(IPS) VIENNA --
Albanians in Kosovo suffered
systematic "humiliation and discrimination" from Serbia for
10 years, but ethnic cleansing occurred only after NATO
began bombing Yugoslavia in March, the Organization for
Security and Cooperation in Europe (OSCE) said here on Dec. 6.
In a two-part report, the OSCE states that Serbian forces committed massive human rights violations between March and June 1999, which in turn caused a "climate of vindictiveness" among ethnic Albanians, which led to the current "unchecked violence" in the province.
The report said the United Nations and NATO (the North Atlantic Treaty Organization) have not reacted promptly to the spiral of violence against ethnic Serbs, Gypsies and Muslim Slavs, orchestrated by the former Kosovo Liberation Army (KLA).
"Only a strong law enforcement system can prevent the climate of vindictiveness that perpetuates violence. The absence of such a robust response has contributed to the lawlessness that has pervaded Kosovo, leaving the violence unchecked," the report said.
However, the organization clearly blames the Serbian side for the current campaign against non- Albanians, whose "leitmotif," it said, is simple revenge. "Desire for revenge is only human, but the act of revenge is unacceptable," the report said.
The first report -- "As Seen, As Told" -- comprises the findings of the OSCE mission in Kosovo between October 1998 and March 20 this year, when it abandoned the territory.
The NATO bombardments started on March 24 and lasted for 78 days, destroying most of Yugoslavia's infrastructure and leaving some 2,000 civilians dead.
Yugoslav generals had warned that an attack from NATO would unleash a massive retaliation against KLA "terrorists" and their supporters.
to the OSCE, some 800,000 ethnic Albanians fled to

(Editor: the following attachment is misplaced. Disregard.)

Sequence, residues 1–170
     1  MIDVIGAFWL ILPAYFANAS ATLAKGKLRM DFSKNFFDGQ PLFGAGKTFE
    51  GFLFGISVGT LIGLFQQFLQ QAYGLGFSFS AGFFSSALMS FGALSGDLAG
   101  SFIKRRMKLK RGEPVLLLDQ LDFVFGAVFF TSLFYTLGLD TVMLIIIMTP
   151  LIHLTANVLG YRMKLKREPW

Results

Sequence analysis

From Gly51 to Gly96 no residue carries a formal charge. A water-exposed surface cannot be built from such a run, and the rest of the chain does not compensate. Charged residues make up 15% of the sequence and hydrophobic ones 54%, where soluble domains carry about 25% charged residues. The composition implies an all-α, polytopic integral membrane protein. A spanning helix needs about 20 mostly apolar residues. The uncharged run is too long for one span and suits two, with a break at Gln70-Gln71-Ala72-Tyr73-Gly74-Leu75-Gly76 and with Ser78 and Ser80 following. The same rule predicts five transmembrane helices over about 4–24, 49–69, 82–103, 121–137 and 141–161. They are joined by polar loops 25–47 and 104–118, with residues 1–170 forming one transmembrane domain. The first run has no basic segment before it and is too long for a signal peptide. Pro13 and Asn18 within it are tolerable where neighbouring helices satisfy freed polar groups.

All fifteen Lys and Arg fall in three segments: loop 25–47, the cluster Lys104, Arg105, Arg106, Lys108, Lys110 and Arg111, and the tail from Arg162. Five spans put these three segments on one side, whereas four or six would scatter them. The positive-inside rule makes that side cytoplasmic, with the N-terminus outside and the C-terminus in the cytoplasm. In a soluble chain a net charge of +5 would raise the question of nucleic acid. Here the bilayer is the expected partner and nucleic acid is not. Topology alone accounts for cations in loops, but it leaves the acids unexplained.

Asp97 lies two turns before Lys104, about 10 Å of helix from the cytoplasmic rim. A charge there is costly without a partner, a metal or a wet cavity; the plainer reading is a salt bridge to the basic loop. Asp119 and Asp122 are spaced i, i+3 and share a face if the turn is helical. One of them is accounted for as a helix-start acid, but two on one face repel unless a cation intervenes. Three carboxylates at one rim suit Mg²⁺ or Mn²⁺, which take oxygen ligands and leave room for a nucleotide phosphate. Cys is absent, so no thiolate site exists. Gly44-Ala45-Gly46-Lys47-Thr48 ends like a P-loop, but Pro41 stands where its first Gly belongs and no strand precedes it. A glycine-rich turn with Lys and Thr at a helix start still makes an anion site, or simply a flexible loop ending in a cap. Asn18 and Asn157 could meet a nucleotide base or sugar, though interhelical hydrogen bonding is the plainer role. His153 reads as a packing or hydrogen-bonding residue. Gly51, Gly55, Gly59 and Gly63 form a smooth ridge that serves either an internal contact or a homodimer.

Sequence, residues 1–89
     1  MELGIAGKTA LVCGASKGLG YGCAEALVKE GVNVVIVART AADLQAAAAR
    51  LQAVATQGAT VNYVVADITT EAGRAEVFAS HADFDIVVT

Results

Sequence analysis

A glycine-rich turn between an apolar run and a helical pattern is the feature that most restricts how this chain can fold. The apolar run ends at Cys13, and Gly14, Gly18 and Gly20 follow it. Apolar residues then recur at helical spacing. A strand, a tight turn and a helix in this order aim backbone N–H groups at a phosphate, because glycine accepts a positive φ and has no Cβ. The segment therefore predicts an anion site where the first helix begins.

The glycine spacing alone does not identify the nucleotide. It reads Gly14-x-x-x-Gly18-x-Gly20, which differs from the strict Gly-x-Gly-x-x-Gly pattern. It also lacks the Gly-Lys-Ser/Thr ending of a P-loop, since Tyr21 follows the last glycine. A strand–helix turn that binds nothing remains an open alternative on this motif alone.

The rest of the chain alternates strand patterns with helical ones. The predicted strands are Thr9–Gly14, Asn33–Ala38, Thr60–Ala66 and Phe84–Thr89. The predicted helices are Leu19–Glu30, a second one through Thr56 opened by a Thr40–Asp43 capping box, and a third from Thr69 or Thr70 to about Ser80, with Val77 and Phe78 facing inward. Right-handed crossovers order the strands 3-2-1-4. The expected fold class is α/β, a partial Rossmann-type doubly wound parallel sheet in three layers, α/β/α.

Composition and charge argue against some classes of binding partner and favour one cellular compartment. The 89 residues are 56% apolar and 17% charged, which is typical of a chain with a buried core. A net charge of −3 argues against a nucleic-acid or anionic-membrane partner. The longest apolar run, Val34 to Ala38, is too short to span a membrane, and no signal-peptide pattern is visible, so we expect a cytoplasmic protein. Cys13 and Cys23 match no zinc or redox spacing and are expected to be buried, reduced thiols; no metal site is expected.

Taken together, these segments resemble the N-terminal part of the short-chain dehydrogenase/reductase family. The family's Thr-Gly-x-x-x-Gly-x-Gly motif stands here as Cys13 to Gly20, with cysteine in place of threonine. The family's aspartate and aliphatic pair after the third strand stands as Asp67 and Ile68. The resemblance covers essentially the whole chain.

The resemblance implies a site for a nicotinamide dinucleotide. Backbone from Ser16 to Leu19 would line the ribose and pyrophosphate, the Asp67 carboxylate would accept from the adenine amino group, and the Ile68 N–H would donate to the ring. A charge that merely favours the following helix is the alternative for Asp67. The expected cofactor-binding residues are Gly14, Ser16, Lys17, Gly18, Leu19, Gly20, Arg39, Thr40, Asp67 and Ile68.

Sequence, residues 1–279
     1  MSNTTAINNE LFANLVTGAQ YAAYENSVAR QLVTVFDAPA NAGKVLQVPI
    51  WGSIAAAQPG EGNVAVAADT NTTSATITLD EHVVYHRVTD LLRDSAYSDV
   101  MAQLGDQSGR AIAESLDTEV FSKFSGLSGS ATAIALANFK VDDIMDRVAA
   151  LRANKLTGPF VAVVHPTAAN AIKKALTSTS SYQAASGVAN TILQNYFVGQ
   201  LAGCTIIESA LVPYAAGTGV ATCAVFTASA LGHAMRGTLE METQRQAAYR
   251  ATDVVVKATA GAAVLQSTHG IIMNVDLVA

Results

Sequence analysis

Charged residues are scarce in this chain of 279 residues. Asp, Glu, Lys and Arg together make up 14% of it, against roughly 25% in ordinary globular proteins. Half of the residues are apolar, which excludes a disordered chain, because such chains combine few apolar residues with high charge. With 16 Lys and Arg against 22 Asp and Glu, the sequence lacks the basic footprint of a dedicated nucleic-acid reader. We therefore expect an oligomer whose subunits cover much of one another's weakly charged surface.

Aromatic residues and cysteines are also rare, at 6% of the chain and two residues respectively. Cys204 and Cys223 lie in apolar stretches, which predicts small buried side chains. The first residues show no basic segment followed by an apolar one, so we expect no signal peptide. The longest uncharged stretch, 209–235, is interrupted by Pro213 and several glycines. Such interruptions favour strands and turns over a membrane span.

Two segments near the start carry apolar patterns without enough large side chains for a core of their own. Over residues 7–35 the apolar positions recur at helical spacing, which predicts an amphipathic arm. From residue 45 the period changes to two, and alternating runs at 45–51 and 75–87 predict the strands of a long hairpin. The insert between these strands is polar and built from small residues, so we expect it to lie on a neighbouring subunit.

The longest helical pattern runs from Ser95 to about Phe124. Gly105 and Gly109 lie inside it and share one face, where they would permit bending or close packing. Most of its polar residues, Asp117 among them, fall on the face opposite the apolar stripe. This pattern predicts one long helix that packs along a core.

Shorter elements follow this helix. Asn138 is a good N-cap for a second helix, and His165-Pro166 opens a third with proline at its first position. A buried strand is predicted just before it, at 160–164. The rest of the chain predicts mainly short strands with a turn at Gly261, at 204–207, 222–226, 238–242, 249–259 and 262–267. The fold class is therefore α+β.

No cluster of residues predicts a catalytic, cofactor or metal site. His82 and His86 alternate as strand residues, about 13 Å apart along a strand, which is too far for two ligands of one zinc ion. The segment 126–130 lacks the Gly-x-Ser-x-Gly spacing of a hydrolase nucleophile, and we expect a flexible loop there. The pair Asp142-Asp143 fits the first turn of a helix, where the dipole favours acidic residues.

neighboring Albania and Macedonia during the bombardments.
More than 2,000 people -- mainly ethnic Albanians -- were killed in that period, according to findings published by the Hague-based International Criminal Tribunal for the former Yugoslavia.
According to the UN refugee agency (UNHCR), some 234,000 non-Albanians have left Kosovo since June.
"The report presents probably the most extensive and systematic survey to date of human rights in Kosovo in the first half of 1999. A grim catalogue of violations is described, illustrated by the experiences of hundreds of individuals and communities," an OSCE press release said.
"Examining the actions of both sides to Kosovo's internal armed conflict, the report concludes that there was no semblance of balance in the human rights abuses committed. Overwhelming, it was the Kosovo Albanian population that suffered," the OSCE said.
The OSCE report also warns that intolerance is growing within the ethnic Albanian community in Kosovo since the province was occupied by NATO-led peacekeeping forces in mid-June.
Physical and psychological harassment is applied against people who are perceived as reluctant or not totally committed to the self-styled KLA-led parallel "government" in Kosovo.
Western journalists have reported that the KLA "government" officials have been systematically evicting ethnic Albanians from apartments and houses assigned to former KLA soldiers and officials. Most of the houses had been in turn been taken over from Serbs.
The French UN Administrator of Kosovo, Bernard Kouchner, has complained that Western governments had pledged 6,000 police officers for Kosovo, but only 2,000 have actually arrived. There are more than 40,000 NATO troops deployed in the province.
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